The Environmental Impact Assessment Report (EIAR) being conducted by the project team is considering the potential impacts of the construction, operational and maintenance and decommissioning phases of the proposed development, both on onshore and offshore.

In this proposed project, as with all our sites, we will be working hard to minimise any negative impacts on surrounding areas and seeking to identify opportunities that the project may have to enhance the local environment and biodiversity.

As our understanding of the local area grows, there is always the potential for environmental considerations to alter An example of this is the proposed designation of the Northwest Irish Sea cSPA. This cSPA is proposed for specific bird species which are an integral part of our environment assessment process. Constraints identified are incorporated into the design process as it evolves. This is an ongoing process.

Bird Surveys

Offshore, the NISA survey efforts began in 2019 with ornithology (bird) surveys. Seabirds, migratory birds and intertidal bird species within the project area were identified and counted over a three-year survey period.

Identified species included the Herring Gull, Kittiwake, Manx Shearwater, Razorbill, Gannet, Lesser Black Backed Gull, Roseate and Common Tern.

Protecting bird and mammalian habitats is of the utmost importance. The species found in the proposed NISA project area are being carefully assessed to ensure their protection. We will endeavour to ensure that NISA minimises negative impact on the local biodiversity – either onshore or offshore.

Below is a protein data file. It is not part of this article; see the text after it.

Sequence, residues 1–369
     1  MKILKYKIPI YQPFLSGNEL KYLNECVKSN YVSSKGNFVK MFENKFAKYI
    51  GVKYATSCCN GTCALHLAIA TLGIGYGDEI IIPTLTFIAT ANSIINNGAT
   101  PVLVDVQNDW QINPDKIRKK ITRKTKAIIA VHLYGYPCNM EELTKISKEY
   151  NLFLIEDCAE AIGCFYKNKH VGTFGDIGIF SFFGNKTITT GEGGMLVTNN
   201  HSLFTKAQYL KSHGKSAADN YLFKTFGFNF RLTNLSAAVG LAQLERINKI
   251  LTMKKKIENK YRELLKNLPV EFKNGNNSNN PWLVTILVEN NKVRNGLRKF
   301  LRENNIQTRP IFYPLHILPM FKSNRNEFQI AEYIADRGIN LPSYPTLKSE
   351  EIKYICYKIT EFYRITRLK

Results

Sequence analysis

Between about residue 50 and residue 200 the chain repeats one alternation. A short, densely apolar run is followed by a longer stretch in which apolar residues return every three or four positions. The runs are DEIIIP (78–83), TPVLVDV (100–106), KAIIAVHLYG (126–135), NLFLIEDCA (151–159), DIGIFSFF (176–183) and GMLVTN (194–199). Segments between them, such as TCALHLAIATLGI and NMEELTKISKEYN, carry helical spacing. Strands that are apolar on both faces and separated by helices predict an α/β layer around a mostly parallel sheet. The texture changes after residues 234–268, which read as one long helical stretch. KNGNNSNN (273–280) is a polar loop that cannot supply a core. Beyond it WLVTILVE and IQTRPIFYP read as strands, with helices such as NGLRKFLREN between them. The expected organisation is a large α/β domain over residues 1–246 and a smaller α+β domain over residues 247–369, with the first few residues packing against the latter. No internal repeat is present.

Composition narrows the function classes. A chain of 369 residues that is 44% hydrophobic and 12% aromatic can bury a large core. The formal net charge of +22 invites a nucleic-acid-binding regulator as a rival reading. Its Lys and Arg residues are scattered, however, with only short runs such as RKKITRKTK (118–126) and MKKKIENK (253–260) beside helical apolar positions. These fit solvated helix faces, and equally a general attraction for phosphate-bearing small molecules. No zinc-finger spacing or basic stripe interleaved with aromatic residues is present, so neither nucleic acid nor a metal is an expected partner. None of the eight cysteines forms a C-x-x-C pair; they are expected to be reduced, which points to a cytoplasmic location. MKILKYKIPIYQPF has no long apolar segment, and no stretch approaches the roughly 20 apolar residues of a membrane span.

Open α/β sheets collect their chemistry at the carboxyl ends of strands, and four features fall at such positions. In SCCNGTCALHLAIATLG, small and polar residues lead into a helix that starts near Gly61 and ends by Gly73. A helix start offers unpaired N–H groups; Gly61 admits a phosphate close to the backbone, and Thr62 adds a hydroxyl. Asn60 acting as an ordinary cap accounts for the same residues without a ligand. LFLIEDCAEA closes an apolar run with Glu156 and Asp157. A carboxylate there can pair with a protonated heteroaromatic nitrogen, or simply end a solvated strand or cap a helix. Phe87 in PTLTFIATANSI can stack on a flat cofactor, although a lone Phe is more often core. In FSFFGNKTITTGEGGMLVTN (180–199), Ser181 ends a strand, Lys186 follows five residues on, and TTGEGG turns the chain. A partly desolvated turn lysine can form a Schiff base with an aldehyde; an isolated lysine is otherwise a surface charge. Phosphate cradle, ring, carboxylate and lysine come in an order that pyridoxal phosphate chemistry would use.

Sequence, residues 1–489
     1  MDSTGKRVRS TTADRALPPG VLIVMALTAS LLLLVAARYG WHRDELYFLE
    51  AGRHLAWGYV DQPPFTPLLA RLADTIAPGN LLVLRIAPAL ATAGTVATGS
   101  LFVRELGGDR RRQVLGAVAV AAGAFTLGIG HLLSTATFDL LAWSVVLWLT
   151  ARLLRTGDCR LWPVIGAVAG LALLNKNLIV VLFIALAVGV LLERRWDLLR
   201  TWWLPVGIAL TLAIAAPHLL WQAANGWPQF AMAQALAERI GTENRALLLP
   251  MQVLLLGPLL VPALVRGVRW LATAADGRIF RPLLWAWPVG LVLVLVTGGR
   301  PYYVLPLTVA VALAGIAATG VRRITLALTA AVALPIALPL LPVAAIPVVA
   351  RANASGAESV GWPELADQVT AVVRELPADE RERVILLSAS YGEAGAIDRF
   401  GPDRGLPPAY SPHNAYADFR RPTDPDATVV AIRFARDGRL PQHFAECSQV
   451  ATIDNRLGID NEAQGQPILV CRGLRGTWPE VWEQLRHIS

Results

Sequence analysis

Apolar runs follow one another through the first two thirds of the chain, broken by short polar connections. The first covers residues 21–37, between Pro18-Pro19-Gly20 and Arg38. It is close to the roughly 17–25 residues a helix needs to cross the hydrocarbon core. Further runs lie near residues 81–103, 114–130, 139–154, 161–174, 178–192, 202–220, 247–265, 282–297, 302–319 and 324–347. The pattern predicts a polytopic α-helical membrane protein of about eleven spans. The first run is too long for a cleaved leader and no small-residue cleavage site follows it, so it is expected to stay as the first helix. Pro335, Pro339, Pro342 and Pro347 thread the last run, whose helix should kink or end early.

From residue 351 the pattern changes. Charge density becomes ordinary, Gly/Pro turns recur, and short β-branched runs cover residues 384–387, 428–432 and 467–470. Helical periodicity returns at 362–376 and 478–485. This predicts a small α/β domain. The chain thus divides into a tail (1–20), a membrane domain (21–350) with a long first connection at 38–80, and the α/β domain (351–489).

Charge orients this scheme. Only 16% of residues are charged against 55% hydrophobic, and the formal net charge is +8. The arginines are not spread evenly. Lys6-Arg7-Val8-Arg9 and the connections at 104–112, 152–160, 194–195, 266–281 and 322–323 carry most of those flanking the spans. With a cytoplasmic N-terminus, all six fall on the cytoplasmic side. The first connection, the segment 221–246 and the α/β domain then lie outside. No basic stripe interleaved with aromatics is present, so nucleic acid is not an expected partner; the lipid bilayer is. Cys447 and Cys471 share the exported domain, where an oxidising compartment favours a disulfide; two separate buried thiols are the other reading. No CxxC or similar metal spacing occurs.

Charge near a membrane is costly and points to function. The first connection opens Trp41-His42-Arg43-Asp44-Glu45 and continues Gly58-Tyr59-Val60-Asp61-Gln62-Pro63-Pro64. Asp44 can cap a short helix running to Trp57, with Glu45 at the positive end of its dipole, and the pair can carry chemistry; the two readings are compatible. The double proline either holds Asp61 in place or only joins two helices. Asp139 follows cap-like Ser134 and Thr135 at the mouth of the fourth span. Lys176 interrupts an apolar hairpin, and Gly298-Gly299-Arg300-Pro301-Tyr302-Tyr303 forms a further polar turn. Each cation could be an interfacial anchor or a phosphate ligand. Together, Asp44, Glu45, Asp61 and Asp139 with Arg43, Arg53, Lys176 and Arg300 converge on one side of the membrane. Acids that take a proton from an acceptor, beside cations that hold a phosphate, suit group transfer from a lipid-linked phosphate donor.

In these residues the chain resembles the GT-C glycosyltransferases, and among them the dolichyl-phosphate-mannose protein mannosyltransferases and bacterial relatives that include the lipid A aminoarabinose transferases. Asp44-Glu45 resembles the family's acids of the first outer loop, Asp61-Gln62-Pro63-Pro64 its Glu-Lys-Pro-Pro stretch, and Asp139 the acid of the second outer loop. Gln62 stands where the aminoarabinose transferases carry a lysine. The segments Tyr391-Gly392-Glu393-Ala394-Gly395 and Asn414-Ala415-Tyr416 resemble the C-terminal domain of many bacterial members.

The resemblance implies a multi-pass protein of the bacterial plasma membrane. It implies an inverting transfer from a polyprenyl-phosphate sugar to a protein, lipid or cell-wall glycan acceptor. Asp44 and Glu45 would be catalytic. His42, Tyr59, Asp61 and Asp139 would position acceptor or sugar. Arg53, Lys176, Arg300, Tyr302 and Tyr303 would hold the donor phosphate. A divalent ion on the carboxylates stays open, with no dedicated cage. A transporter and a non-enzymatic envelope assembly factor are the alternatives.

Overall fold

Mammal Surveys

Throughout the design process, sustainability has been a key consideration when it comes to every species found within the project area. The marine mammals identified in the proposed area of NISA include whales, seals, dolphins, and harbour porpoises. Other important species surveyed include offshore bats.

Not only will these species be considered as part of the NISA Environmental Impact Assessment (EIA) process; the presence of these mammals will inform our planned Sustainability Strategy to deliver biodiversity enhancements for the local area over the lifetime of the NISA project.


We want to know how people really feel about NISA. In late 2019, we started talking to the public and fishermen about the project – and since then, our Community Liaison Officer and Fisheries Liaison Officer have been working to gather feedback from people living and working in the area.

The thoughts of the public and the local fishing industry on how the project can be delivered suitably and appropriately has been – and continues to be – vital for our work in bringing NISA to life.


Our engagement to date has shown that the need for the development of renewable energy was well-understood. In addition to establishing our project website and hosting in-person and virtual consultations we have gathered valuable feedback. Our project Community Liaison Officer (CLO) Jim O’Reilly has been working to meet with groups and individuals across the area to ensure we provide information and understand any concerns. Below is some of the feedback we have gathered:

What benefits people see

  • Energy Security
    • NISA has the capacity to secure our own energy future and reduce Ireland’s dependence on costly and polluting imported fossil fuels.
  • Climate Action
    • The project will displace around half a million tonnes of carbon dioxide per year.
  • Electricity Prices
    • Having our own secure energy supply will shield us from global market energy price increases and continue to help protect families and businesses from the worst effects of a crisis caused by our over-reliance on fossil fuels. We can tap into our own natural resources and roll out clean, affordable energy that will not break the bank.
  • Sustainability
    • It is very important to the NISA team that the project is developed and operates in a sustainable way. NISA will deliver a vast amount of renewable energy on to our electricity grid, providing a sustainable energy future. However, the team is also investigating the proposed project’s capability to deliver broader sustainability objectives through biodiversity, circular economy, and energy initiatives.
  • Community Benefit Funds